104.   Engineering calculations and plans with levels reduced to Australian Height Datum in relation to site drainage shall be submitted to and approved by the certifying authority prior to a construction certificate being issued for the development. A copy of the engineering calculations and plans are to be forwarded to Council, prior to a construction certificate being issued, if the Council is not the certifying authority. The drawings and details shall include the following information:

 

a)       A detailed drainage design supported by a catchment area plan, at a scale of 1:100 or as considered acceptable to the Council or an accredited certifier, and drainage calculations prepared in accordance with the Institution of Engineers publication, Australian Rainfall and Run-off, 1987 edition.

 

b)      A layout of the proposed drainage system including pipe sizes, type, grade, length, invert levels, etc., dimensions and types of all drainage pipes and the connection into Council's stormwater system.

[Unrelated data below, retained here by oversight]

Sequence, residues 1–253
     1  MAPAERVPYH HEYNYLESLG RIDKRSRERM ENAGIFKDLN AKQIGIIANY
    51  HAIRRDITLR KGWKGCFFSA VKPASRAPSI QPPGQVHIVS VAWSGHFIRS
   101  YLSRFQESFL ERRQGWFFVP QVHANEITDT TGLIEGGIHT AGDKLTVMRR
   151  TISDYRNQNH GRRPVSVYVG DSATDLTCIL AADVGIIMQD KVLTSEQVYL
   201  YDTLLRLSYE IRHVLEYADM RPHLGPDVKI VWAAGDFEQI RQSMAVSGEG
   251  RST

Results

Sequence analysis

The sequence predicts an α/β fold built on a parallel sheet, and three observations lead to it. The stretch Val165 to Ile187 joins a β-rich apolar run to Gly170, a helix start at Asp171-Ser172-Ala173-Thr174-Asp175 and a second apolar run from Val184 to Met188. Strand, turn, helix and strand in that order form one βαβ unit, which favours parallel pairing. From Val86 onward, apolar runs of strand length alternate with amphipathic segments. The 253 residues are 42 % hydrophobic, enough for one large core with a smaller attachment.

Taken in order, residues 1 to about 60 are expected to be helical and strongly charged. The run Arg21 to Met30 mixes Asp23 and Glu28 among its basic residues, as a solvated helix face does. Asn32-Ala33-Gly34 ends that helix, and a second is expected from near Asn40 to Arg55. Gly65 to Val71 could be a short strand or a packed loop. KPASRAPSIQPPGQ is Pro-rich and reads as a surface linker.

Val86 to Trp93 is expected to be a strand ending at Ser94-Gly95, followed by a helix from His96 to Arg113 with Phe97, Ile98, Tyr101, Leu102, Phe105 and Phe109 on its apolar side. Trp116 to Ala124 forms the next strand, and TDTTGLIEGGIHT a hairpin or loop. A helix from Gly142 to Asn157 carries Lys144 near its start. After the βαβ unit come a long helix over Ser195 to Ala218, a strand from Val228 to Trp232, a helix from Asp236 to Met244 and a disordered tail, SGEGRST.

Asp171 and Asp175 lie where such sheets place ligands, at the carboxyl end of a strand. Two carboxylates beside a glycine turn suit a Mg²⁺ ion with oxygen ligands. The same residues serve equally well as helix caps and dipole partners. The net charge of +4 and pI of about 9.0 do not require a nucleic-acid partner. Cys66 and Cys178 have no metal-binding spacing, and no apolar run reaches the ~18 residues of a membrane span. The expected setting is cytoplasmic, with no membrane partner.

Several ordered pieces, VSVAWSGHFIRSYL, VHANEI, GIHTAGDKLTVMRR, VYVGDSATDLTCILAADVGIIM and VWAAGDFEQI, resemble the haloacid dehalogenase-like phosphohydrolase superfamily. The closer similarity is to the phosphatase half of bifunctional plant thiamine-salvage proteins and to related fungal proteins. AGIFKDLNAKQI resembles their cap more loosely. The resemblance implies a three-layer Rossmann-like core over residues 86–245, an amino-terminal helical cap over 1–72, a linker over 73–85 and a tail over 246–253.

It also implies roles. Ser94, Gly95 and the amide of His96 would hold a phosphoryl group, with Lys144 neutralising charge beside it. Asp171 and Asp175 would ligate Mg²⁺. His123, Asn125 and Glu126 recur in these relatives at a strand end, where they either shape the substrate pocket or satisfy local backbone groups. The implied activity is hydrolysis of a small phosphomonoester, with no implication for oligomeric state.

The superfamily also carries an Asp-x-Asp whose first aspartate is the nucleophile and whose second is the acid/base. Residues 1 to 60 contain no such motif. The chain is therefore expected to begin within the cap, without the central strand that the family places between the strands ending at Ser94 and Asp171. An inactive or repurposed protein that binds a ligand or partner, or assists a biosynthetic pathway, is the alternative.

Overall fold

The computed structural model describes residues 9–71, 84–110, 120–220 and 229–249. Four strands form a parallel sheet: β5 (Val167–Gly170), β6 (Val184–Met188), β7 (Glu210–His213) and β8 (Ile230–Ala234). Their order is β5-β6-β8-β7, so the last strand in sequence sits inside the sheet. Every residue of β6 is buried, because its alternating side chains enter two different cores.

c)       Generally all internal pipelines must be capable of discharging a 1 in 20 year storm flow.  However the minimum pipe size for pipes that accept stormwater from a surface inlet pit must be 150mm diameter.  The site must be graded to direct any surplus run-off (ie. above the 1 in 20 year storm) to the proposed drainage system.

 

d)      The separate catchment areas within the site, draining to each collection point or surface pit are to be classified into the following categories:

 

i.        Roof areas

ii.       Paved areas

iii.      Grassed areas

iv.      Garden areas

 

e)       Where buildings abut higher buildings and their roofs are "flashed in" to the higher wall, the area contributing must be taken as:  the projected roof area of the lower building, plus one half of the area of the vertical wall abutting, for the purpose of determining the discharge from the lower roof.

 

f)       Proposed finished surface levels and grades of car parks, internal driveways and access aisles which are to be related to Council's design alignment levels.

 

g)       The details of any special features that will affect the drainage design eg. the nature of the soil in the site and/or the presence of rock etc.